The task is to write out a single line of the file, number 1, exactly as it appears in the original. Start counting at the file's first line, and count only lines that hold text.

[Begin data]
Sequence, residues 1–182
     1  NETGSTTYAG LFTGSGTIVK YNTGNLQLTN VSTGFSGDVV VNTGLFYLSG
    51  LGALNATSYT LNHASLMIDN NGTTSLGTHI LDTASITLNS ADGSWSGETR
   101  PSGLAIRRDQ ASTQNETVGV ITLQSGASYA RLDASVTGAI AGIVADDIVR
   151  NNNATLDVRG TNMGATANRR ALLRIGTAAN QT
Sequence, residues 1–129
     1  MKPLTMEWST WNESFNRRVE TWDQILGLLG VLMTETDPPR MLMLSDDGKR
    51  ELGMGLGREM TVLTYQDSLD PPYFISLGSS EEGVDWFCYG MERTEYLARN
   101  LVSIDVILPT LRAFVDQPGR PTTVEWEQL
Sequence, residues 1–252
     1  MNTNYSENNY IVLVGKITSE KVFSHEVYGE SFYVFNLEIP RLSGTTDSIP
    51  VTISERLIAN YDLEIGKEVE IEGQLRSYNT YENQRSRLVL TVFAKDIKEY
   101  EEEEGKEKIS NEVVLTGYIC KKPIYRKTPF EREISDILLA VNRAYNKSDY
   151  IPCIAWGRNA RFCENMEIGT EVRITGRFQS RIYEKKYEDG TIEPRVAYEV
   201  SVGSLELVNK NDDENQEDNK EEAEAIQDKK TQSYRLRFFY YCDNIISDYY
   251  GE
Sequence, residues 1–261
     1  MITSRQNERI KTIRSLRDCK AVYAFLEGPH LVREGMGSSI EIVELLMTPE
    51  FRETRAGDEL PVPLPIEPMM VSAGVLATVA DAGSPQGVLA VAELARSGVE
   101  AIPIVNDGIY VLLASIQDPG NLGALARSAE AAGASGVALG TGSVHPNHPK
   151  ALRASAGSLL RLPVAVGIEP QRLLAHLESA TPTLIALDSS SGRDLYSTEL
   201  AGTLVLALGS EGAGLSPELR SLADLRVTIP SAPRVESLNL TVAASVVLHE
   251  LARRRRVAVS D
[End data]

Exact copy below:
Sequence, residues 1–182